What others say: Keep the sun shining

  • By Cortez Journal editorial
  • Friday, March 23, 2018 2:28pm
  • Opinion

The belief that good government flourishes when it is well-supervised by citizens has been deeply held in this country since its founding. As firmly entrenched as that value is, Americans shouldn’t forget that the rights that uphold their informed participation require constant tending.

Sunshine Week, March 11-17 this year, focuses attention on the open-meetings and open-records laws that give ordinary people the right to observe the workings of government. Such laws are foundational to our representative democracy. Coloradans’ rights are strong because of decades of advocacy by journalists, government watchdogs and lawmakers who believe in transparency.

Such laws are upheld, though, by the insistence of the public on pushing open illegally closed doors and digging for documents someone says cannot be found, and then on taking action based on what they find. Those basic laws are not permanent guarantees; Colorado residents know what can happen when deep-pocketed outside interests breeze in with a new agenda. Don’t assume you have a right to information that affects you; be vigilant in ensuring that everyone does. Local elected bodies follow those laws most closely when they know constituents will call them on violations.

Access to information is only the first step; accountability requires something more. Those who seek to govern must be willing to stand in the light, and when they falter in their commitment to do that, the light must come to them. They must care what their constituents think and want; they must be responsive, and they must know that constituents will insist on that.

In the past few decades, technology has made uncovering information much easier, so a new way of discounting the truth has developed. Those whose actions are being questioned no longer bother discussing the topic but jump straight to accusing the messenger of being wrong, dishonest or even incapable of understanding information that cannot be disputed.

By all means, argue the issues, but don’t attempt to gaslight the American people.

Batting away negative revelations by declaring them “fake news” is a new low in government of, by and for the people. Information really is power; otherwise, what would be the purpose for withholding it?

Insisting on governmental transparency should not be political. Americans have plenty of history that teaches what can go wrong when secrecy is allowed to prevail unchecked. Especially in an era when the rights of individuals are threatened by governmental obeisance to corporate interests, no one can blindly trust that the government will act in his or her best interests.

The right course is to participate in ensuring that it does, and that requires knowing what public officials and agencies are doing and why they’re doing it. Keep shining the bright light of public oversight into the shadowy corners where abuse can hide.

— Cortez (Colorado) Journal,

March 12

More in Opinion

Sen. Jesse Bjorkman, a Nikiski Republican, speaks in favor of overriding a veto of Senate Bill 140 during floor debate of a joint session of the Alaska State Legislature on Monday, March 18, 2024. (Mark Sabbatini / Juneau Empire)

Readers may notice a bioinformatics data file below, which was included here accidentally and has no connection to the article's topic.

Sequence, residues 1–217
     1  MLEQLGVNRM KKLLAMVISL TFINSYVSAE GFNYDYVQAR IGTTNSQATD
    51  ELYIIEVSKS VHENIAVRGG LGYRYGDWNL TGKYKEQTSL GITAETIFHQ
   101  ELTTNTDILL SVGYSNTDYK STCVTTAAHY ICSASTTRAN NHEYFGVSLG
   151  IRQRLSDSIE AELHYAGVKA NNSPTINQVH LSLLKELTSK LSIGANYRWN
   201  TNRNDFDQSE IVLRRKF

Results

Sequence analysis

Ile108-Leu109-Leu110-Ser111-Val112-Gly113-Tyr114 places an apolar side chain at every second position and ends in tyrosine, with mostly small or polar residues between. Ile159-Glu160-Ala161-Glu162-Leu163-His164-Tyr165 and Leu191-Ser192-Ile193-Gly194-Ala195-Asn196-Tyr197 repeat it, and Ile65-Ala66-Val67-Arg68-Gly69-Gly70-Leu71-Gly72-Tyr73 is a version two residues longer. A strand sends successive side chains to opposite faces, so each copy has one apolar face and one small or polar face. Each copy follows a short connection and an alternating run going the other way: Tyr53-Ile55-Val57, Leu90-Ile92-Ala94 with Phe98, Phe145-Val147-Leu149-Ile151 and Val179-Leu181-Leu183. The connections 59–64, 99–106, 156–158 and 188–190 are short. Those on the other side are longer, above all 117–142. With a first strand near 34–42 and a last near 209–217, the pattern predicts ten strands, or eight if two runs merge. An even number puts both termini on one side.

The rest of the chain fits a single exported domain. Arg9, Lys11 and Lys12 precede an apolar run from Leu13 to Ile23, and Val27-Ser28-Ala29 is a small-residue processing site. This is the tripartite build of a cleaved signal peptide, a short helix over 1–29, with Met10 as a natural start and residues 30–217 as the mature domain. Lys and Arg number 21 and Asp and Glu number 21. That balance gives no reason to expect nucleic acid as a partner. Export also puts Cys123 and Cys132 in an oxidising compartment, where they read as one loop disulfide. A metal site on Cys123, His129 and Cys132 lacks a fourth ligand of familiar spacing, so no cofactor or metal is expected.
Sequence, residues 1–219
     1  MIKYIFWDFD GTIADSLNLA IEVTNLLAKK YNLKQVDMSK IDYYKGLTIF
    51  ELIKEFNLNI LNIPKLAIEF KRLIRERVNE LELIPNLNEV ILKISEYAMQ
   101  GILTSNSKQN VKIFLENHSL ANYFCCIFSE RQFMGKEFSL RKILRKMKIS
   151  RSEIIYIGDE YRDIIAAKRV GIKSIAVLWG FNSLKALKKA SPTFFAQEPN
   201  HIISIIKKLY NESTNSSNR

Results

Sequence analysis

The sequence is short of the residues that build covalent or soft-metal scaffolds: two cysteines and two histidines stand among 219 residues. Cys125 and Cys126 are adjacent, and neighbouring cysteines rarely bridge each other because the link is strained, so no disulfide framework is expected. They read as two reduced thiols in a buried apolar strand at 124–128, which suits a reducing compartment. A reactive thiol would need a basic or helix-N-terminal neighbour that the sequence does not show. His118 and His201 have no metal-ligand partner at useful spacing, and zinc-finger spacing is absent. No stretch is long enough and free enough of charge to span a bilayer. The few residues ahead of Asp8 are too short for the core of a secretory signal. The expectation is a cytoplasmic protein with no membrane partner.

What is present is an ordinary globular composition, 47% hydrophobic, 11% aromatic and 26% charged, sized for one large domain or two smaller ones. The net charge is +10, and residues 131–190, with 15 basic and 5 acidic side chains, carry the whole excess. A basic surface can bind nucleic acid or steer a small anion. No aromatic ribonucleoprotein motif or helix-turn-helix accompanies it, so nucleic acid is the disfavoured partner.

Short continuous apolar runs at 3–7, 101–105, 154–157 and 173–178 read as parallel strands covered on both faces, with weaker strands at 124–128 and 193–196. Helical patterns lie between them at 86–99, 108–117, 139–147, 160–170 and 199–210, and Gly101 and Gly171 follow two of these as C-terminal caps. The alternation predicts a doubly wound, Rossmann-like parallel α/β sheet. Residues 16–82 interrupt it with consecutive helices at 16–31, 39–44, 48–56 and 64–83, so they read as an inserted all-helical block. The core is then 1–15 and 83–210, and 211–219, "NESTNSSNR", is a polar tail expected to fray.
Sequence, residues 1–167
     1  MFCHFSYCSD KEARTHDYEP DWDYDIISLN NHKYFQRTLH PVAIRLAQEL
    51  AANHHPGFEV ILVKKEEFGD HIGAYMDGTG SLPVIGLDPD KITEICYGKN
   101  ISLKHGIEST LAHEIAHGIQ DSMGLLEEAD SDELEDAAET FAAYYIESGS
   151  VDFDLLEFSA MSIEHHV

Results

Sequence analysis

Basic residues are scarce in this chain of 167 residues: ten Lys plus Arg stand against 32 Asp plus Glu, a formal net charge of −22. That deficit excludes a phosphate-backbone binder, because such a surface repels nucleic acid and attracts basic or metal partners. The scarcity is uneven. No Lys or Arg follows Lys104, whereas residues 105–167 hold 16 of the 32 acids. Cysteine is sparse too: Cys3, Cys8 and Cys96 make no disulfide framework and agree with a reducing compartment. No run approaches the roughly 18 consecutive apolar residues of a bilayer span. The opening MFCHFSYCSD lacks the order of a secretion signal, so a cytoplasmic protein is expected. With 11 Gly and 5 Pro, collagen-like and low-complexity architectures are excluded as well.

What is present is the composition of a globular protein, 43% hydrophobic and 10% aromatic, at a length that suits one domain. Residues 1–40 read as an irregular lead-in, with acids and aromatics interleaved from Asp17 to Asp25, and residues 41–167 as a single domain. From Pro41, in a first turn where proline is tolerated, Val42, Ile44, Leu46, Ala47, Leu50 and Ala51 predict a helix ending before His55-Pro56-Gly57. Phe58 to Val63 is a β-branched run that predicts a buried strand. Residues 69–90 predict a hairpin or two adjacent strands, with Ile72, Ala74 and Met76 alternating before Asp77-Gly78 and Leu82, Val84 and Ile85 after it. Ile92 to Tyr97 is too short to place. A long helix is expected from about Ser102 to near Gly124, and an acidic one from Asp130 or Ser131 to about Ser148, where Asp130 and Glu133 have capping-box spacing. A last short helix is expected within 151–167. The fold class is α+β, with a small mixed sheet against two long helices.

Sen. Jesse Bjorkman: Session ends with budget, dividend and bills passed

Capitol Corner: Legislators report back from Juneau

The Alaska State Capitol. (Clarise Larson / Juneau Empire file photo)
Listen to PAs; support Senate Bill 115: Modernizing PA Practice in Alaska

Health care is rapidly evolving, demanding a more flexible and responsive system

Mount Redoubt can be seen across Cook Inlet from North Kenai Beach on Thursday, July 2, 2022. (Erin Thompson/Peninsula Clarion file photo)
Opinion: Hilcorp Alaska: Powering Southcentral Alaska — past, present and future

Hilcorp Alaska has and will continue to fully develop our Cook Inlet basin leasehold

Sen. Jesse Bjorkman, a Nikiski Republican, speaks in favor of overriding a veto of Senate Bill 140 during floor debate of a joint session of the Alaska State Legislature on Monday, March 18, 2024 (Mark Sabbatini / Juneau Empire)
Sen. Jesse Bjorkman: Collegiality matters

Capitol Corner: Legislators report back from Juneau

Juneau Empire file photo
Larry Persily.
Opinion: Alaska might as well embrace the past

The governor, legislators, municipal officials and business leaders are worried that the Railbelt will run short of natural gas before the end of the decade

The Alaska State Capitol on March 1. (Ashlyn O’Hara/Peninsula Clarion)
Opinion: Physicians oppose Alaska Senate Bill 115 — Independent Practice for PAs

Alaskans don’t want access to just any health care, they want access to high quality care

Norm McDonald is the deputy director of Fire Protection for the Alaska Division of Forestry & Fire Protection. (Photo courtesy Bureau of Land Management Alaska Fire Service)
The Swan Lake Fire can be seen from above on Monday, Aug. 26, 2019, on the Kenai Peninsula, Alaska. (Photo courtesy Alaska Wildland Fire Information)
Opinion: This wildfire prevention month, reflect on ways to protect each other and our communities from wildfire

Alaskans saw what happened in Canada last year, and they know it can happen here too

Jason Sodergren and retired veterinarian Ralph Broshes capture and attend to crane shot with an arrow, July 9, 2023, in Homer, Alaska. (Photo provided by Nina Faust)
What happened to the ‘Arrowshot Crane’?

In many animal rescues, the outcome is fairly quickly known, but the… Continue reading

U.S. Sen. Lisa Murkowski addresses the Alaska State Legislature on Feb. 22, 2023. (Clarise Larson / Juneau Empire file photo)
Opinion: Set ANWR aside and President Biden is pro-Alaska

Could it be that President Biden is more pro-Alaska than Donald Trump?